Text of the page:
My wife bought this for me as a surprise present many years ago, having heard it on the radio and knowing immediately that it was something special. Despite owning it, therefore, for years, I have now only just got around to reviewing it, on the grounds that I find myself returning to it frequently.
I am surprised how often I hear quite seasoned lovers of classical music claim not to like Brahms or chamber music. If I were trying to win someone over, the No. 1 in E minor is where I'd start. Both works are full of sinuous, arching melodies and embrace a wide variety of moods, from bucolic charm to reflective melancholy to impassioned turbulence. Not surprisingly, the later work is much grander and more "symphonic" in character - in the intervening twenty-four years Brahms had written four symphonies - while the earlier work is initially more lyrical but closes with a grand, contrapuntal movement that seems like a homage to Bach.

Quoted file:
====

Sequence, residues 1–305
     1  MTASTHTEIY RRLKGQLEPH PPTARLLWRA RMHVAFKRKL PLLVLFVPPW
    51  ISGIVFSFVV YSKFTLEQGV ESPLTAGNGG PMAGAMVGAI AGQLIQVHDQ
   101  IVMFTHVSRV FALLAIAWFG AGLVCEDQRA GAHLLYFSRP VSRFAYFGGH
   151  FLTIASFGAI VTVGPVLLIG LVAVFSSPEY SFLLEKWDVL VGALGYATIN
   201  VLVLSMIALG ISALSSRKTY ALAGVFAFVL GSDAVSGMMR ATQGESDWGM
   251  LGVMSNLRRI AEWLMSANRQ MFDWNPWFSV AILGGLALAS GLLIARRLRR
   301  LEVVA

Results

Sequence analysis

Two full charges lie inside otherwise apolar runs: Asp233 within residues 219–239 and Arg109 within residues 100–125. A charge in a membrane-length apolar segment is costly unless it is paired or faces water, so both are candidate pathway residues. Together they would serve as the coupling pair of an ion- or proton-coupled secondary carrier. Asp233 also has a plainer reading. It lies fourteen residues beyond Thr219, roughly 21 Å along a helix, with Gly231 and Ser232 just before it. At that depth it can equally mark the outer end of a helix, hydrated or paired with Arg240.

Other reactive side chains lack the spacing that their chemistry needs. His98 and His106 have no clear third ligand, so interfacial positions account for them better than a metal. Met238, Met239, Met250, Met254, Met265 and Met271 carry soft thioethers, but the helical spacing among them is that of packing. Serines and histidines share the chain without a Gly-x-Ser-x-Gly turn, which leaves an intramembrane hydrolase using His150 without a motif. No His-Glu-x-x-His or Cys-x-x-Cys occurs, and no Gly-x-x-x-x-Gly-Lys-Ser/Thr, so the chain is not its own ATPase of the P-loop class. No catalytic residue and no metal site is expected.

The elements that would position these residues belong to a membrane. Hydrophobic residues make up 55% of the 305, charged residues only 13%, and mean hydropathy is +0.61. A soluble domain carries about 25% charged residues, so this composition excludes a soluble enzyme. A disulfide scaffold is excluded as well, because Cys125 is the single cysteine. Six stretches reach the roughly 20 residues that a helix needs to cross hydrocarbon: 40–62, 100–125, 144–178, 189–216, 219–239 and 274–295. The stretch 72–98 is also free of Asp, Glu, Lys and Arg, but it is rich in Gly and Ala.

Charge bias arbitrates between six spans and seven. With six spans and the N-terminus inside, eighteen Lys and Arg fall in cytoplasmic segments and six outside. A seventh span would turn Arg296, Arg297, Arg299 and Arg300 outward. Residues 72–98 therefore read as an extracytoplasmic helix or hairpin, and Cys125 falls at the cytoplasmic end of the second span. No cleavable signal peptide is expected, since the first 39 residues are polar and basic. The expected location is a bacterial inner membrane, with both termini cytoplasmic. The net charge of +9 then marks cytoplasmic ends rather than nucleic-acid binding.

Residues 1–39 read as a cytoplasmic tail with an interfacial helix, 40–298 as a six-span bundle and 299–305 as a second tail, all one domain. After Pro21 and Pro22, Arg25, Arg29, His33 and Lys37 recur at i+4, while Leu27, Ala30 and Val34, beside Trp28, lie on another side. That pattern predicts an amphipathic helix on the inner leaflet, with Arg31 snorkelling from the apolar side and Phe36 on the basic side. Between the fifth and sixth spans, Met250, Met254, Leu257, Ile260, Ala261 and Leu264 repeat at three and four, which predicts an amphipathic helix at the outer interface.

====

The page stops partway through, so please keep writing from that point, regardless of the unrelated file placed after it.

There is a special appeal in hearing these two venerable gentleman - old friends and great artists both - collaborate. Serkin might have been in his eightieth year when he re-studied and recorded these sonatas but he retains a gentle, fluid touch without sacrificing fire. The piano is slightly more recessed than the 'cello, but comes through beautifully and there is no sense in which Serkin is the junior partner. Rostropovich is his usual dynamic self, producing meaty, resonant tone and making much of lower reaches of his instrument. The recording acoustic is vivid and intimate; we are right on top of the musicians but not unpleasantly so. A classic.